My last fun idea is to just bundle up and get outside for a walk in the neighborhood or a walking trail. Not only is it good to get some exercise but it also gets you out of the house. take in some new air. The house has been closed up for months now and it is getting a little stale. Another good reason is the walking with start working the serotonin. It is a fancy word for that good feeling from working out. It stimulates you brain and helps to keep the winter blues away.

If you have any other ideas that you use during these winter months, please share them. Also, if you have any suggestions, please add them too!

Thanks and have a great day! 

10 Anti-Burglary Tips for Your Sellers

When your clients are opening their doors to the public for showings, they need to take extra precautions. Share these suggestions to help them keep their belongings safe.

  December 2016 | By Tracey Hawkins
After Christmas, many people put the empty boxes their expensive gifts came in out on the curb. What do you think that says to potential burglars? It screams, “I just got a brand-new TV! Come and rob me!”
That’s just one example of some unwise habits homeowners have. If those owners are sellers opening their doors to the public for showings, habits such as these put them in even greater danger. The above example is a good warning to give to your clients now, since we’re in the holiday season. But use it as a jumping-off point to have a deeper conversation about safety — and to show that your safety knowledge is an asset to sellers.
Consider using this checklist (you can request it as a customer handout on my website) during listing appointments to better prepare prospective sellers and show your value as a real estate professional. We spend a lot of time telling sellers how we’ll market their home, and while that is obviously important, we rarely address their true concern: how to keep their home safe while it’s open to the public. Touch on these 10 anti-burglary tips so your clients will know that you have their best interest at heart.
National Snapshot of Burglaries

A burglary is committed every 20 seconds, with nearly 1.6 million such crimes nationwide annually, according to the FBI’s 2015 Crime in the United States report. That’s down 7.8 percent from 2014. Total property crime, which includes arson, larceny theft, and motor vehicle theft, reached nearly 8 million instances in 2015, down 2.6 percent from 2014.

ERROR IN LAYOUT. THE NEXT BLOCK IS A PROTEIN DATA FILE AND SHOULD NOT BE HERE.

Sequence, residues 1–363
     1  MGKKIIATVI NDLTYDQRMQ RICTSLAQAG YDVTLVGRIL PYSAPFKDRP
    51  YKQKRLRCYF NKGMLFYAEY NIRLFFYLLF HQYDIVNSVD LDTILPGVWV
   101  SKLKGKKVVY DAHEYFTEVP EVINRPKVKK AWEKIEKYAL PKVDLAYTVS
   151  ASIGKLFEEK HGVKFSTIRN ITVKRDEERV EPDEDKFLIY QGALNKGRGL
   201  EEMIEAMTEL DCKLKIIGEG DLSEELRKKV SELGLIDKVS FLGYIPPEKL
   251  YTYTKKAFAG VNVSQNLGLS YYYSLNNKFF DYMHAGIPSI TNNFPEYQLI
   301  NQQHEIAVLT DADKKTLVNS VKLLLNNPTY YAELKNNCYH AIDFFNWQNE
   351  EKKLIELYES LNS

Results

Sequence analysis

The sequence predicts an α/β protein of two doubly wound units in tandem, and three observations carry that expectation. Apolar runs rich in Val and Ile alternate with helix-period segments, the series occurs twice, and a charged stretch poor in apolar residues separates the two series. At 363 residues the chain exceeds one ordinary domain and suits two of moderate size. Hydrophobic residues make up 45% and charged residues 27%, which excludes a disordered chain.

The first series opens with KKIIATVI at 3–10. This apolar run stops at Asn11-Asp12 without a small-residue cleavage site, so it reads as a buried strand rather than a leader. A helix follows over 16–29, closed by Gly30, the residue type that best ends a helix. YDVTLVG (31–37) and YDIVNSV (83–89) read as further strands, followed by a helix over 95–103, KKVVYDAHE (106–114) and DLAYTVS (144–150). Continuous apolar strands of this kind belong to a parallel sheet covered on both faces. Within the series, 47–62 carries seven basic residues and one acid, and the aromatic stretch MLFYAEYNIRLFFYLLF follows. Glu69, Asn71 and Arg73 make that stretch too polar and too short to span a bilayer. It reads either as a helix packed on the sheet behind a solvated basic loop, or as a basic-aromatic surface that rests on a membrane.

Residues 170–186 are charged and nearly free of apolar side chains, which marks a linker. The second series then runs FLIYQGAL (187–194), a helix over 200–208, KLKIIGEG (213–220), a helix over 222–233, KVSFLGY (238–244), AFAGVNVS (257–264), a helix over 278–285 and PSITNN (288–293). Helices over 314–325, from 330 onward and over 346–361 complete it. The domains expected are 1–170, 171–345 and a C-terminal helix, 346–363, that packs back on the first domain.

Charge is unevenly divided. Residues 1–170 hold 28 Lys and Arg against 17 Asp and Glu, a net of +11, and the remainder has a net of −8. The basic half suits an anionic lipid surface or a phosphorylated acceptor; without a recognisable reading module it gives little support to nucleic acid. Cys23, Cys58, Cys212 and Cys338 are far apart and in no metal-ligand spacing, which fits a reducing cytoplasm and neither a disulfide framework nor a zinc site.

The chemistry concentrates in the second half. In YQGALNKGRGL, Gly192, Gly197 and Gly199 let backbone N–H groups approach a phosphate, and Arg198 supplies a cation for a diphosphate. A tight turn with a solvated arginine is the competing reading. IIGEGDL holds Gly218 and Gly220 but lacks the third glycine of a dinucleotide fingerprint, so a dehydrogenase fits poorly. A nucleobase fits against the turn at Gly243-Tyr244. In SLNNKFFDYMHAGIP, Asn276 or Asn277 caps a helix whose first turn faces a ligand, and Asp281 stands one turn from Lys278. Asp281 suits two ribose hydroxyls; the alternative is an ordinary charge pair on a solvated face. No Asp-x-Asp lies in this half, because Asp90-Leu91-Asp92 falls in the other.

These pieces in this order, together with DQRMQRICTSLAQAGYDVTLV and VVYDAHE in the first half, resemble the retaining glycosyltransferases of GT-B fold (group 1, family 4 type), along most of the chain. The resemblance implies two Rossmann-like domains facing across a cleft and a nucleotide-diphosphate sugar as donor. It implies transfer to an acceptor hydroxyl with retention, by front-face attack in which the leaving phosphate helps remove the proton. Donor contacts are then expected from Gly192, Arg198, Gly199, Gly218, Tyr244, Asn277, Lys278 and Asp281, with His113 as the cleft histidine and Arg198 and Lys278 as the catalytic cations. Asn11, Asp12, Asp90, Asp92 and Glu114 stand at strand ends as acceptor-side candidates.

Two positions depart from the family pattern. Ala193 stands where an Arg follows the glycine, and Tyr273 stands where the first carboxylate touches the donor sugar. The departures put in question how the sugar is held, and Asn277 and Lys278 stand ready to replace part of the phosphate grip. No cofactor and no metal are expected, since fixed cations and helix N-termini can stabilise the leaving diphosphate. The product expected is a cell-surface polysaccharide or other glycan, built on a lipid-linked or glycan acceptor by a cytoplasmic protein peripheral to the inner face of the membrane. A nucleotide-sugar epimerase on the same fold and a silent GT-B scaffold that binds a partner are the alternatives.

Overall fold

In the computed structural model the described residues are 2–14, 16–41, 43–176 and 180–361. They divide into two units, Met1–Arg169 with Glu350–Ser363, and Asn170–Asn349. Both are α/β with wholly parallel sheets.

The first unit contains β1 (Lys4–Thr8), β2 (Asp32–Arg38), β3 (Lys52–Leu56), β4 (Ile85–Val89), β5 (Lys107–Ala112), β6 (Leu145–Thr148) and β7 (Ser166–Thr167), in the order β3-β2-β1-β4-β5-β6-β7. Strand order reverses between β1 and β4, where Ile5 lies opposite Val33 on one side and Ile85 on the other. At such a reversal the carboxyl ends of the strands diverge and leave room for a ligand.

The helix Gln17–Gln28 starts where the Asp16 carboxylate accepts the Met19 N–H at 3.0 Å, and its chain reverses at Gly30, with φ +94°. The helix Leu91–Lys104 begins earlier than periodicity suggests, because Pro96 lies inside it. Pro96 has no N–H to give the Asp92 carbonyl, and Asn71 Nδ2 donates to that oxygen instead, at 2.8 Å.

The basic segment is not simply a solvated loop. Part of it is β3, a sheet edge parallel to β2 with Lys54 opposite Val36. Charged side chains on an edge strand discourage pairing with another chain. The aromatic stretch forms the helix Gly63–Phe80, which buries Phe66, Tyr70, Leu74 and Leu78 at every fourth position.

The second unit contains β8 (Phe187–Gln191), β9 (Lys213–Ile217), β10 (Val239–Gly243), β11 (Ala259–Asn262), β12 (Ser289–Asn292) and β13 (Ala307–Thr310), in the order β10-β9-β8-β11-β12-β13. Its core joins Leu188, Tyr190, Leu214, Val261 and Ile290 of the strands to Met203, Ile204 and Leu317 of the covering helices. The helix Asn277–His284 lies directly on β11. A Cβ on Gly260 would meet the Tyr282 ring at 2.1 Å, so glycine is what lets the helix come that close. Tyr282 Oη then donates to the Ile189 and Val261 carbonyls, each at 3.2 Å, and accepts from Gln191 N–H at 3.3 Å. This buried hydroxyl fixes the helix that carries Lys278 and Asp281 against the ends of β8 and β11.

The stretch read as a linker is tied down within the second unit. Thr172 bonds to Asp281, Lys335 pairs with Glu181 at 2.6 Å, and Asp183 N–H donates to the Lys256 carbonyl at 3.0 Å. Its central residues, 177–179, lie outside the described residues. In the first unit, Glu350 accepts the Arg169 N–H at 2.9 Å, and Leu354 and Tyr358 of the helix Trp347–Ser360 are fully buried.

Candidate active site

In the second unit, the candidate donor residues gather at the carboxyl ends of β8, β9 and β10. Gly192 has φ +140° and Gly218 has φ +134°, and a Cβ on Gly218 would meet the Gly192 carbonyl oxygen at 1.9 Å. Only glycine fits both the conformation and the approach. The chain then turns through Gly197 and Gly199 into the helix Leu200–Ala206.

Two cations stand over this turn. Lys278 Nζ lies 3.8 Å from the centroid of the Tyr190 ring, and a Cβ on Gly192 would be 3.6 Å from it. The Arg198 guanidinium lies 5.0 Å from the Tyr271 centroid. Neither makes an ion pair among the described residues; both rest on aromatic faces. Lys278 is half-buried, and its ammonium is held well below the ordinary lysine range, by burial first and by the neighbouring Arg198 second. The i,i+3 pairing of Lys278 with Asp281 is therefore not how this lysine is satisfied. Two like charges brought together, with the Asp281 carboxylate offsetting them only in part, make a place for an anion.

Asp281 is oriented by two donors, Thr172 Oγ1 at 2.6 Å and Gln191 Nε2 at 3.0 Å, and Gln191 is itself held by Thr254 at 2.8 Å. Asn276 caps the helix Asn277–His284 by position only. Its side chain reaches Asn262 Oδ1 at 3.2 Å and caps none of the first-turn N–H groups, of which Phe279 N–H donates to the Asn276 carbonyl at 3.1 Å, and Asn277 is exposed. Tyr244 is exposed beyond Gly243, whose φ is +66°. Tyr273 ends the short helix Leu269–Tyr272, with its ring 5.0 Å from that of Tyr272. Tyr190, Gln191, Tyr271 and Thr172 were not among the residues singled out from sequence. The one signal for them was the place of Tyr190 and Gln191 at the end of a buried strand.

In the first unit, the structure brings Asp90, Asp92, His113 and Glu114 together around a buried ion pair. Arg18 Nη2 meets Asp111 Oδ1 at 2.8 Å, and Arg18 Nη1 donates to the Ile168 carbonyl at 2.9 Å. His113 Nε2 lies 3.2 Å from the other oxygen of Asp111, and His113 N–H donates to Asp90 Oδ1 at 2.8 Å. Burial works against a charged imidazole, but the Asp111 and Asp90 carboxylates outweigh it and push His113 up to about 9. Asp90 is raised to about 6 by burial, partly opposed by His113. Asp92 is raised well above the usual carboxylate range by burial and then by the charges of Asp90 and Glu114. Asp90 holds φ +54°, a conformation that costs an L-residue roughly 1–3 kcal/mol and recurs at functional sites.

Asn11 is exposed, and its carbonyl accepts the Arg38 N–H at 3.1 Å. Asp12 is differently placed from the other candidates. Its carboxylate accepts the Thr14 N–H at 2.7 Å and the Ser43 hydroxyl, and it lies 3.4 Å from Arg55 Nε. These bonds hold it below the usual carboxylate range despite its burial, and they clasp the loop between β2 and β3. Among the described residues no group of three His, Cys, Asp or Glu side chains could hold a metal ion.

– Maintain your property. Especially in the wintertime, many people stay indoors and neglect issues such as peeling trim or an overgrown yard. But if the home looks unkempt, thieves may think it’s abandoned and, therefore, an easy target. Shoveling your walkways to clear them of snow and debris and removing holiday decorations and fallen tree branches in a timely manner will signal that the home is occupied.
– Know your neighbors. Many people don’t really know their neighbors; it’s more than just saying hi and being friendly. Invite them over to see your home before it goes on the market, and introduce them to the people they may see regularly stopping by during this time (especially your agent). Then they’ll know who is and isn’t supposed to be at your home and can better assess when there may be a threat while you’re gone.
– Assess your home’s vulnerability. Walk to the curb and face your house. Ask yourself, “How would I get in if I were locked out?” The first thing you think of, whether it’s the window with a broken lock or the door that won’t shut all the way, is exactly how a thief will get in. Think like a burglar, and then address the issues that come to mind.
– Respect the power of lighting. Criminals are cowards, and they don’t want to be seen. The house that is well-lit at night provides a deterrent because thieves don’t want the attention and the potential to be caught by witnesses. It’s wise to invest in tools that make nighttime light automation easy. That includes dusk-to-dawn adapters that go into existing light fixtures and motion detectors. But beware of leaving your exterior lights on at all times, which signifies the occupant is gone for an extended period of time.
– Use technology to make your home look occupied. In addition to lighting, smart-home technology has made it easier to make it appear like people are home, even when they’re not. Systems that remotely control lighting, music, and appliances such as a thermostat can help you achieve this. Though not considered smart-home tech, simple lamp timing devices available at hardware stores are also good for this purpose.
– Yes, it has to be said: Lock your doors. It’s amazing how many people think they live in a safe-enough neighborhood not to have to lock their doors when they leave. Some facts sellers should know: In 30 percent of burglaries, the criminals access the home through an unlocked door or window; 34 percent of burglars use the front door to get inside; and 22 percent use the back door, according to the FBI Uniform Crime Report.
– Reinforce your locks. A good door lock is nothing without a solid frame. Invest in a solid door jam and strike plate first, and then invest in good locks. Know the difference between a single-cylinder and a double-cylinder deadbolt. Double-cylinder deadbolts are recommended because they require a key to get in and out. For safety and emergency escape purposes, you must leave the key in when you are home. But double-cylinder locks are against regulations in some places, so check with your local police department’s crime prevention office.